Blank And Pitiless: Having ordered the assassination of the Iranian General, Qasem Soleimani, President Donald Trump promised to reduce the cultural monuments of Iran’s 3,000 year-old civilisation to rubble if a revenge attack was mounted. A breach of international law? Certainly. A war crime? Indisputably. Who’s going to stop him? Nobody.
WHAT WERE THEY thinking? Allowing angry crowds to storm the US Embassy in Baghdad? If such scenes were authorised by General Qasem Soleimani, then he was not the master strategist and tactician his countrymen are proclaiming him to have been. Believing an American president – any American president – could look upon such scenes with equanimity betrayed the most astonishing ignorance of recent US history.
The storming and capture of the American embassy in Tehran in 1979 set off 444 days of diplomatic and military humiliation that not only destroyed the presidency of Jimmy Carter, but also created a thirst for vengeance that not even the passage of 40 years has diminished. It matters little that Soleimani was instrumental in clearing the Baghdad embassy compound of demonstrators, simply by allowing such images to imprint themselves upon Donald Trump’s retinas, the General was guilty of the most enormous, and ultimately fatal, error of judgement.
Nor will the American President be in the slightest measure intimidated by the size of General Soleimani’s funeral procession, or by the promises of vengeance offered to his widow by Iran’s Supreme Leader, Ayatollah Ali Khamenei. Iran’s capacity to inflict harm on the American Empire is considerably less than Queen Boudica’s ability to make the Roman Empire pay for its outrages. The Roman Empire did not have an air force.
In some part of the Iranian Islamic Republic, the unanswerable character of American air power must, surely, be weighing heavily upon the judgements of its public servants and soldiers. A retaliatory strike against the United States that even remotely resembled the assassination of General Soleimani in terms of scale and significance would provoke the USA to, in the memorable quip of the late US Senator from Arizona, John McCain, “Bomb, bomb, bomb-bomb, Iran”.
The armed forces of the Islamic Republic of Iran have nothing with which to stop an American air attack. Its fighters are too old and its pilots insufficiently trained to take on the state-of-the-art aircraft, air-crews and missile technology of the United States. Everything the Iranians could throw at them would be effortlessly brushed aside by their American attackers. Not only that, but the very instruments of Iran’s self-defence would themselves be among the Americans’ first targets. They would not, however, be the last.
Having rendered Iran defenceless to American (and, almost certainly, Israeli and Saudi) attack, the list of targets would include (in no particular order) the country’s weapons factories, transportation systems, manufacturing enterprises, cement plants, water purification facilities, media networks, state ministries and scientific research centres – especially Iran’s nuclear research programme – pharmaceutical production plants and fertiliser factories. All of the above would be attacked even as Iran’s military and civilian command-and-control centres and all of its major cities were being pounded into dust.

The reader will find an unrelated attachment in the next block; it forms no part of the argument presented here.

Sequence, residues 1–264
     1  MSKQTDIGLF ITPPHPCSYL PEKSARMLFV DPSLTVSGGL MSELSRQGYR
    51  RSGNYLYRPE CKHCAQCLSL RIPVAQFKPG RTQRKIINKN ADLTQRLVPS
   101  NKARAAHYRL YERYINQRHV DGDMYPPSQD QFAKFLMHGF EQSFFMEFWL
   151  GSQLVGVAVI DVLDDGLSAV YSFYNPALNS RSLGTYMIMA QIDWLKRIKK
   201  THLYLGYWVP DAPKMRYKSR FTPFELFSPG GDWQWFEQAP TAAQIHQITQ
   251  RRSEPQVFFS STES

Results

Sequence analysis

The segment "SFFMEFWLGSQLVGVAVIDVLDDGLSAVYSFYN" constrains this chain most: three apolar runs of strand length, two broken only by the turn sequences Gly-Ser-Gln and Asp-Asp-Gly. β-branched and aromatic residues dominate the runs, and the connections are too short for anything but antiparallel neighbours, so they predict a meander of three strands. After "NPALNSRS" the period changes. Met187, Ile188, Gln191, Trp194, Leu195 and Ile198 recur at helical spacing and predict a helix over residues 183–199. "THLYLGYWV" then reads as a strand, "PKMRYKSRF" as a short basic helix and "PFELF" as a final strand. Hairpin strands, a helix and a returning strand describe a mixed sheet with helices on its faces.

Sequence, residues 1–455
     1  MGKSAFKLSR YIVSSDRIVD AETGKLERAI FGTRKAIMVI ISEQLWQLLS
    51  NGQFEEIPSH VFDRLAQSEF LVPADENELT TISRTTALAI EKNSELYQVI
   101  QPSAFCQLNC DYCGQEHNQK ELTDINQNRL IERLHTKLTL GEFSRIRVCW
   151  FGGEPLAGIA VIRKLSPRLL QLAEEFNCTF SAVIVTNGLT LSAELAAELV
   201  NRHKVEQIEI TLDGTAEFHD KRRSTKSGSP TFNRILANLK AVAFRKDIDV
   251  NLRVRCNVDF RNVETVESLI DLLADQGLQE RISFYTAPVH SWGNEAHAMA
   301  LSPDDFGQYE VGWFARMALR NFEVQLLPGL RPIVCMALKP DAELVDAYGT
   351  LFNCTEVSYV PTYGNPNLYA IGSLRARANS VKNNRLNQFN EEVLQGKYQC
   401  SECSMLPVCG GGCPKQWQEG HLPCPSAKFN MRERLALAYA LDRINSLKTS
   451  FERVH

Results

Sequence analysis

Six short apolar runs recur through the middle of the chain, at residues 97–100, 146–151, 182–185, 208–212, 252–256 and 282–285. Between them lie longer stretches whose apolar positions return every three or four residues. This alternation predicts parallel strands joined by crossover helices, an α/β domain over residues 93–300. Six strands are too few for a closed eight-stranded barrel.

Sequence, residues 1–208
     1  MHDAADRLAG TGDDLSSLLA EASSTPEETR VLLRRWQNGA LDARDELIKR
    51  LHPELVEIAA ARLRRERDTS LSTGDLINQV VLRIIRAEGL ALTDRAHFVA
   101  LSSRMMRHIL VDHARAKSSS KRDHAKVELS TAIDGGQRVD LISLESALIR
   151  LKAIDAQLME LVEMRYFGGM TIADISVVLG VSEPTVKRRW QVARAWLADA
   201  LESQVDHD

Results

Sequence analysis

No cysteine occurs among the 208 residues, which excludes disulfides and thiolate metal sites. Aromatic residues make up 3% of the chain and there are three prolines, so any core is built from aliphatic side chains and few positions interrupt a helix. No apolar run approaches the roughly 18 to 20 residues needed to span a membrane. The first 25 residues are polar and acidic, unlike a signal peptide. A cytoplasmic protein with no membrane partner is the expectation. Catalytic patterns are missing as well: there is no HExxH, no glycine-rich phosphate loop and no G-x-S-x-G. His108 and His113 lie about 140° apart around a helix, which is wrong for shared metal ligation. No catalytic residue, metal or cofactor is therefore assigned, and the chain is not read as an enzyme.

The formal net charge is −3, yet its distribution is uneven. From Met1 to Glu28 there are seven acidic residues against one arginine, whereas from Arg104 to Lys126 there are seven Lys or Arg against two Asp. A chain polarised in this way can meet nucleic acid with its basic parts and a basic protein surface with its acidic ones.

President Donald Trump has further promised to reduce the cultural monuments of Iran’s 3,000 year-old civilisation to rubble if a revenge attack is mounted. A breach of international law? Certainly. A war crime? Indisputably. Who’s going to stop him? Nobody.
There are some who insist that Iran is not entirely helpless. That its little navy has developed weapons and tactics capable of sinking a US aircraft carrier with all hands. But, what then? The snuffing-out of 3,000 American lives in a single attack would, almost certainly, provoke the current American president into ordering a tactical nuclear response. Tehran, or if he was feeling particularly vindictive, the holy Shia city of Qom, would, in a split second, be transformed into a radioactive wasteland.
Impossible? No, sadly, it’s not. The rest of the world would certainly be shocked and horrified by such an act of disproportionate savagery. But, once again, who would/could stop an American president determined to demonstrate to the rest of humanity that America has been made great again – and will not be constrained by any power upon the face of the planet?
Still not convinced? Well, consider this. When 60 Minutes journalist, Lesley Stahl, put the following question to American Secretary of State, Madeline Albright in 1996: “We have heard that a half million [Iraqi] children have died. I mean, that’s more children than died in Hiroshima. And, you know, is the price worth it?” Albright replied: “I think this is a very hard choice, but the price – we think the price is worth it.”
And she was a Democrat!
POSTSCRIPT: When assessing the actions and options of the Iranians it is always wise to recall that it was in their part of the world that the game of Chess was invented. To have avenged the death of General Soleimani without killing a single American (or any other human-being) has to be adjudged a truly inspired move. Forced into a duel by President Trump, Ayatollah Khamenei elected to fire his pistol harmlessly into the air. Honour is satisfied – and the world breathes again.
This essay was originally published in The Otago Daily Times and The Greymouth Star of Friday, 10 January 2020.